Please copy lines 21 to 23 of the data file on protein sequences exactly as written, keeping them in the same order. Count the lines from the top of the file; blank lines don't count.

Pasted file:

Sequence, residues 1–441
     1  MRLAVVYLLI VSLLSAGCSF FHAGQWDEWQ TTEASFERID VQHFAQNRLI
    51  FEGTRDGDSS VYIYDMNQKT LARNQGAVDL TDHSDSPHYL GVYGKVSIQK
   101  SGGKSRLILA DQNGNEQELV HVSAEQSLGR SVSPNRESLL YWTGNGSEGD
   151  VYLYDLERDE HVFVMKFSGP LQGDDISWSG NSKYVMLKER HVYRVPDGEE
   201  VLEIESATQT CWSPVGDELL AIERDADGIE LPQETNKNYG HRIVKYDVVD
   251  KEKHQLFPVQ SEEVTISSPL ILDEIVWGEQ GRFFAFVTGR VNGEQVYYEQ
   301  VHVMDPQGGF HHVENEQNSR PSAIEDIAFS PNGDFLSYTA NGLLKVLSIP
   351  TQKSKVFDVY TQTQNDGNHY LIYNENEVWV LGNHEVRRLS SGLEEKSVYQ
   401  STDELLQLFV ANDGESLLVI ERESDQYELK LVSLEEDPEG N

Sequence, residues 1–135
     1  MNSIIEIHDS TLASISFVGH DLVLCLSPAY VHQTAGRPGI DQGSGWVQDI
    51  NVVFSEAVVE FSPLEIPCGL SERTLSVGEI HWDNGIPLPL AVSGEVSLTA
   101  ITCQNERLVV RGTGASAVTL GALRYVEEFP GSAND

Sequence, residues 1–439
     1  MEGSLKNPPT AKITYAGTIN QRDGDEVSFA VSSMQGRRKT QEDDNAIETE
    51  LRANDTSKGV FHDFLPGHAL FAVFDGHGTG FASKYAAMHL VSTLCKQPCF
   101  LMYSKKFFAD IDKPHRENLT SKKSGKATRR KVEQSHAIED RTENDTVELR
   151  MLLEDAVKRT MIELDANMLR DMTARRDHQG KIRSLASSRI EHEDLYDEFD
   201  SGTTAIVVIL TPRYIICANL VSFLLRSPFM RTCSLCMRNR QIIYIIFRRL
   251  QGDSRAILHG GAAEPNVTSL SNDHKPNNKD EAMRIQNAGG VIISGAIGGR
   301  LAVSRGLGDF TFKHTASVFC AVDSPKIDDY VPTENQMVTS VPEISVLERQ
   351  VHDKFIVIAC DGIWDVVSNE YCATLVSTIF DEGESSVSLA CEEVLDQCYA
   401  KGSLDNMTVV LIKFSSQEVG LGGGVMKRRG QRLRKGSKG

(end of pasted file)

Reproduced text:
   251  QGDSRAILHG GAAEPNVTSL SNDHKPNNKD EAMRIQNAGG VIISGAIGGR
   301  LAVSRGLGDF TFKHTASVFC AVDSPKIDDY VPTENQMVTS VPEISVLERQ
   351  VHDKFIVIAC DGIWDVVSNE YCATLVSTIF DEGESSVSLA CEEVLDQCYA